Keep a kid broom and dust pan around.

Our toddlers love using the broom and the dust pan to play but they love it even more when they actually get to clean up with it!  When they come in from outside and track in dirt they often go for the broom and dust pan unprompted.  When they leave play dough droppings all around under the table, they are more than happy to take a broom to the mess.


Keep a kitchen hand towel within reach.

When a toddler spills, you’re doing them a big favor (and yourself) by enabling them to clean the mess up themselves.  Teach them a little responsibility.

Keep chapstick handy.

After the dry, cold winter struck, so did the epidemic of cracked and bleeding lips.  I was repeatedly lubing Maisy’s lips so, instead, I realized I could give her some chapstick of her very own (which she thought was awesome) to keep in her purse.  After a little bit of coaching she’s stopped using it excessively.

Organize toys.

Besides the obvious benefit of enabling your child to dig in and play by having the toys within easy reach and put together in a way to inspire creativity it also enables them to clean up by themselves. We have a lego bin, an art bin, a baby bin, an animals bin, a blocks bin, a dress up bin, and a miscellaneous bin.  Any larger toys like our Noah’s ark set, the shapes sorter, or our little play house live on an open shelf all lined up.  The largest of toys like push carts and riders all have their place too.  If toys have a place, kids put them back in that place when prompted to clean up.  This does take coaching of course but it’s so worth requiring them to clean up after themselves!  Clean up songs help.  Teach them one and, next thing you know, you say the words “clean up” and they are singing and cleaning all by themselves.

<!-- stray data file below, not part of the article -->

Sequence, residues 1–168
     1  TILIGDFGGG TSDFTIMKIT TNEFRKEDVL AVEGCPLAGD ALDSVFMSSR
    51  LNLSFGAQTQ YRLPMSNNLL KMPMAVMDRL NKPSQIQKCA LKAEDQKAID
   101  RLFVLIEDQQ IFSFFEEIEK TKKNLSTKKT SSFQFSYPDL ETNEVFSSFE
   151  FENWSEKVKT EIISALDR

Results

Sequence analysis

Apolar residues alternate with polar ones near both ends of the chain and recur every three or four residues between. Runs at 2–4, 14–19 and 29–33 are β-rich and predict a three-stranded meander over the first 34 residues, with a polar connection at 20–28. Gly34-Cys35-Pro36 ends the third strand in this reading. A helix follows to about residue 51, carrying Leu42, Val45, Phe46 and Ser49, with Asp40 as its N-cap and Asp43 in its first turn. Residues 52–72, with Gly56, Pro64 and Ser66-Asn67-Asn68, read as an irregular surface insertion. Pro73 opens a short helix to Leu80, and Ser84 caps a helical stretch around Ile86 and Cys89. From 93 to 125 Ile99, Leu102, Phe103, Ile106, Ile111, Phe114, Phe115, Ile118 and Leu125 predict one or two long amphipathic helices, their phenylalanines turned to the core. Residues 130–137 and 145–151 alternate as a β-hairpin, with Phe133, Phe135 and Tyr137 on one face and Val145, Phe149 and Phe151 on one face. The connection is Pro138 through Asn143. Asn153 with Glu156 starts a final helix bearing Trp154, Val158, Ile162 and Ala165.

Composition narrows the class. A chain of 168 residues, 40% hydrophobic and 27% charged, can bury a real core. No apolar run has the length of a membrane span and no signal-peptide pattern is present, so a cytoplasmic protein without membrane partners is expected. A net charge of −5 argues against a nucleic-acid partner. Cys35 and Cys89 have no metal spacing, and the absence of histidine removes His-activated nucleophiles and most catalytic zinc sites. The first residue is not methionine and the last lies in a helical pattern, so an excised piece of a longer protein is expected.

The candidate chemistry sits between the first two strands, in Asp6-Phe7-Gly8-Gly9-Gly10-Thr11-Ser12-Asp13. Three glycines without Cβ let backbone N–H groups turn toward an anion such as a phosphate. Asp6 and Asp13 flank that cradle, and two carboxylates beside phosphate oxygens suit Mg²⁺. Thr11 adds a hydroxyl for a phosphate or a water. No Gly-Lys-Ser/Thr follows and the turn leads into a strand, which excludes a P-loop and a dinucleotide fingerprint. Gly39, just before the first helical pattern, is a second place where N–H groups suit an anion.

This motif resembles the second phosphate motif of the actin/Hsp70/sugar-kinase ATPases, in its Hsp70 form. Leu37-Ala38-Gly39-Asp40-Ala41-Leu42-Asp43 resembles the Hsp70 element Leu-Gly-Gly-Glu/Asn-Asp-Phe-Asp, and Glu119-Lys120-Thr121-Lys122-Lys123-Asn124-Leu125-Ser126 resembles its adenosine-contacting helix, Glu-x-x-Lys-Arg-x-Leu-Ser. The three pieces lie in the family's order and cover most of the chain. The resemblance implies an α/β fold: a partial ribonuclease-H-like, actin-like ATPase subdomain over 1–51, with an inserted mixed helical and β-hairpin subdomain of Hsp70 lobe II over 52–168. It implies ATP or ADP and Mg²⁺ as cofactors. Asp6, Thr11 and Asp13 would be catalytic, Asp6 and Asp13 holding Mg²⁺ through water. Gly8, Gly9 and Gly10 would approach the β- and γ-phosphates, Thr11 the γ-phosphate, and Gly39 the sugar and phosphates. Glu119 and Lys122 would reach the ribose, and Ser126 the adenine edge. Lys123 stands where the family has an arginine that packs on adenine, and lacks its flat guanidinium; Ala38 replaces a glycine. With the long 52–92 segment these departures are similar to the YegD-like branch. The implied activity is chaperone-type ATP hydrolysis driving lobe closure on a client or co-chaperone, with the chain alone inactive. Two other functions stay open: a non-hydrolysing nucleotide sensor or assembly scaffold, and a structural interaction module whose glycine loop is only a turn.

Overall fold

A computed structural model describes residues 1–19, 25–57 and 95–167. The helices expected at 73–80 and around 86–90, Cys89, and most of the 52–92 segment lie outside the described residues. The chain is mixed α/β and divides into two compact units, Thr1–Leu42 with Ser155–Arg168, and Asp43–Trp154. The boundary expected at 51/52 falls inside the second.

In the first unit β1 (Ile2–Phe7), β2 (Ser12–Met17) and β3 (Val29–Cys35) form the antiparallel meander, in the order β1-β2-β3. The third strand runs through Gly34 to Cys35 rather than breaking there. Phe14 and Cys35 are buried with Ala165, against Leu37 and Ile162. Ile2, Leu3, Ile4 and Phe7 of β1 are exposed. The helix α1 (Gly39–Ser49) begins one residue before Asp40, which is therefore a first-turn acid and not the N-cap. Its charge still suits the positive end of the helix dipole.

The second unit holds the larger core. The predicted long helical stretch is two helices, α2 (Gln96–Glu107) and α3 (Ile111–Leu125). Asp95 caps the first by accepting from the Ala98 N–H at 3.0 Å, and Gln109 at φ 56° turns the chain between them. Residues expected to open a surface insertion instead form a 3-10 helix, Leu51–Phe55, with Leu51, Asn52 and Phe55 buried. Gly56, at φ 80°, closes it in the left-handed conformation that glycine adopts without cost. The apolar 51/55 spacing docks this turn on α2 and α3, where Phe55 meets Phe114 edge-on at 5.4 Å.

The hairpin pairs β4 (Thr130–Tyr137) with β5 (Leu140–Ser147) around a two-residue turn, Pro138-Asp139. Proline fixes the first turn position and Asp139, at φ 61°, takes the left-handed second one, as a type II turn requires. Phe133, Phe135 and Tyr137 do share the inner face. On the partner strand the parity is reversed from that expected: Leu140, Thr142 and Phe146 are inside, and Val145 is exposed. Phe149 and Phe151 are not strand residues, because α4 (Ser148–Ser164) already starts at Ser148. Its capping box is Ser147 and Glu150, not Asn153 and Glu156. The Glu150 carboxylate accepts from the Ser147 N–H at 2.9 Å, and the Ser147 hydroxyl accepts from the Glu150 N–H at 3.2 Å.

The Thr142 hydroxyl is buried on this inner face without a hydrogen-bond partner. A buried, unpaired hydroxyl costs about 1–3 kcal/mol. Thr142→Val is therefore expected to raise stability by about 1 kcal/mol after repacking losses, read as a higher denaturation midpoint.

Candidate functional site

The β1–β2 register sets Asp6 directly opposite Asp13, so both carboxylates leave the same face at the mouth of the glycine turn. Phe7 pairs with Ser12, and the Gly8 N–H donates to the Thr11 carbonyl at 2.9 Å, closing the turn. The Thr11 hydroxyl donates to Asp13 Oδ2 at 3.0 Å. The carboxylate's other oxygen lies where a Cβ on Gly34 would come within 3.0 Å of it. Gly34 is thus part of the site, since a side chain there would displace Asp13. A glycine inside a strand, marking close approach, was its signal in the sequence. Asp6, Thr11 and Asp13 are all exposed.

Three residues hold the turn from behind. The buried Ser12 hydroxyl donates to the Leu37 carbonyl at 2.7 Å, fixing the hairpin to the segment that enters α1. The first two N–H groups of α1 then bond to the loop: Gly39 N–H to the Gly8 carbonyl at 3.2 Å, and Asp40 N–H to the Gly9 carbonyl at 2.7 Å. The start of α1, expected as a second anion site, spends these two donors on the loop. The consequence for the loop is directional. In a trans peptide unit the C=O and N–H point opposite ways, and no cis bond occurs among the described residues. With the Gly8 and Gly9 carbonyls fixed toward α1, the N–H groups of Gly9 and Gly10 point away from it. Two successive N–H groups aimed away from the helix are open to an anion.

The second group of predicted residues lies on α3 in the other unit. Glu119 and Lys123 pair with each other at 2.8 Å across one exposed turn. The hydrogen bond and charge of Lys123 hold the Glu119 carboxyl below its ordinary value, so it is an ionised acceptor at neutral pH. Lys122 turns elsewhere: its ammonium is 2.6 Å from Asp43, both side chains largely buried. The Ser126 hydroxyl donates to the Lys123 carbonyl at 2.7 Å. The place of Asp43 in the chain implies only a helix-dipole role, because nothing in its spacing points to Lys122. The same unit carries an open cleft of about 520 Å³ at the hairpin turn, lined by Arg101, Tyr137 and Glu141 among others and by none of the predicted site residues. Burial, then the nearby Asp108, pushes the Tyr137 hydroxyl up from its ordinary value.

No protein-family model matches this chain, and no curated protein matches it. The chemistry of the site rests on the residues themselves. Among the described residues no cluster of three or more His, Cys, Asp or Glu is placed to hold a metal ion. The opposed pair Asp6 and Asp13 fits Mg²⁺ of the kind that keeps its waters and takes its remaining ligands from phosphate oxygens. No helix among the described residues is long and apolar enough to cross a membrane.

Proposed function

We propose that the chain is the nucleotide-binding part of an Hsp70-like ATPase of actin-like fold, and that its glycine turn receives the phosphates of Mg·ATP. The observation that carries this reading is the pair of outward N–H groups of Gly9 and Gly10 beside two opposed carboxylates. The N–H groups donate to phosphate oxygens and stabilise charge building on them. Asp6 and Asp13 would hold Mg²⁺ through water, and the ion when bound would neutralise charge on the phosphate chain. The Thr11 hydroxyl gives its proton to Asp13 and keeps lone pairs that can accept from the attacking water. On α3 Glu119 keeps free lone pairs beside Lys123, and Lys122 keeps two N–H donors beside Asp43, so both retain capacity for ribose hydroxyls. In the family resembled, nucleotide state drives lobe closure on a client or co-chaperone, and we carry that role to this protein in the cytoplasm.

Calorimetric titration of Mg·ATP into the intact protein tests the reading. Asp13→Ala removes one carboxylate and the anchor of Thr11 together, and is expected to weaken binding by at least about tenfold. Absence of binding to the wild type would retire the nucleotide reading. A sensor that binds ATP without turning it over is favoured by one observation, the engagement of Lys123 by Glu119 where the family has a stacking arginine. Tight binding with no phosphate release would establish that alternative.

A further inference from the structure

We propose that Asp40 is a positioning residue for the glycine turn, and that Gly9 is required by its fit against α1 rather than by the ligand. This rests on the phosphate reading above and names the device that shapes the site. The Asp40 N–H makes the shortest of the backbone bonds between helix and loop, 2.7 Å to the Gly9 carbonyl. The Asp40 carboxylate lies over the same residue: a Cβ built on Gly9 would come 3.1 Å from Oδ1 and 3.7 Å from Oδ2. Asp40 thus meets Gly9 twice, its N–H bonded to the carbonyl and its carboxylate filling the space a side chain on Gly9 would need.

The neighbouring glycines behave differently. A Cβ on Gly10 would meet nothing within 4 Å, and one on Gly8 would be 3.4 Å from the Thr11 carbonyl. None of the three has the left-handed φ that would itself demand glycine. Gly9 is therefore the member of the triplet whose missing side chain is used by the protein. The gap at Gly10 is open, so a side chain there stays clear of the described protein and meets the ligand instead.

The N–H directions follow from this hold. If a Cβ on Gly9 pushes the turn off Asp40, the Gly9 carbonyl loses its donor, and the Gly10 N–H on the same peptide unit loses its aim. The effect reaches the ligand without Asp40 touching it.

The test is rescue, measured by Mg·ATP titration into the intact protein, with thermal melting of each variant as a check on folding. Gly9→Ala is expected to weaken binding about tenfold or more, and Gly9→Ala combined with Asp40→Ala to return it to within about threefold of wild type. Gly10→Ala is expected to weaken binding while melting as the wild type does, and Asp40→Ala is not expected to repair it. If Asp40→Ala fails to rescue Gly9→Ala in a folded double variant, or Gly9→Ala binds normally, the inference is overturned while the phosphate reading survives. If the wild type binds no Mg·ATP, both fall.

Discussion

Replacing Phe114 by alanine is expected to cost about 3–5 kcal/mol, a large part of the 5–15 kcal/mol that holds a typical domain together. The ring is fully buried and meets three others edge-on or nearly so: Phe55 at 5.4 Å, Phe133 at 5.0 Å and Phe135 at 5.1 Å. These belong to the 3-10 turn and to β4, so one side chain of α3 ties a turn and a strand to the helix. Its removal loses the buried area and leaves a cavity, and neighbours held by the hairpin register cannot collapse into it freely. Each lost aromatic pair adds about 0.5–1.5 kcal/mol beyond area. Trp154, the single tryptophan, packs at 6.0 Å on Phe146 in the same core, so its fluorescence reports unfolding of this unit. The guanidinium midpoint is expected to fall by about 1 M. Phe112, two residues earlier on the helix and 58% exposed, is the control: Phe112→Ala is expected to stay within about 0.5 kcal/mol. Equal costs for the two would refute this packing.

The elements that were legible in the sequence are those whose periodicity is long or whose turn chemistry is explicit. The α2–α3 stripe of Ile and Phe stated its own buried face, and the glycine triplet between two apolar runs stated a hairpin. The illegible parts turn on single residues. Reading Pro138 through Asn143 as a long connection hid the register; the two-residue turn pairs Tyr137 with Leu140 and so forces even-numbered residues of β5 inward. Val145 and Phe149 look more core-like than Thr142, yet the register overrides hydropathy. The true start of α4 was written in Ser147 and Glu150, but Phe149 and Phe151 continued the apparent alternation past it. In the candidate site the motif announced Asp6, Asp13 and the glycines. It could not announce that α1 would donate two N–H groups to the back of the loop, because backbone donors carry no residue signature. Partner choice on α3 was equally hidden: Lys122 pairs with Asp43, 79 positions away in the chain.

Create an art station.

Remember that art bin I just mentioned above?  It’s awesome.  I love when kids want to create!  We have crayons, markers, homemade play dough, paints, and beads.  By keeping things in plain sight I enable kids to want to art. Out of sight, out of mind right?  When it comes to art I was in sight, in mind… or something like that.  So we have the art bin but I also have art supplies set up on our dining room table (the only place kids are allowed to do art) and coloring books stacked in an easy to reach place.  The rules are simple:  keep all art tasks at the dining room table, ask for help to tear out the picture you want to color (we always tear them out otherwise the kids will make small marks on each page, thus using up the whole coloring book in one sitting), and clean up after yourself.  We also have chalk walls with colored chalk to play with in the basement and an easel for markers, chalk, and painting that’s also worth noting.

Toddlers can clean up after themselves at meal time too.

Teach them where to dispose of any meal scraps (trash, give it to the dog, compost, save it for later in the fridge, etc), where to put their plates and silverware (dishwasher, counter, sink, etc), and to put their cup back in that drink station you have set up.

Is there anything you do with your toddler self-sufficiency style you could share with the group via commenting below?

Leave a Reply

Fill in your details below or click an icon to log in:

WordPress.com Logo

You are commenting using your WordPress.com account. Log Out /  Change )

Facebook photo

You are commenting using your Facebook account. Log Out /  Change )

Connecting to %s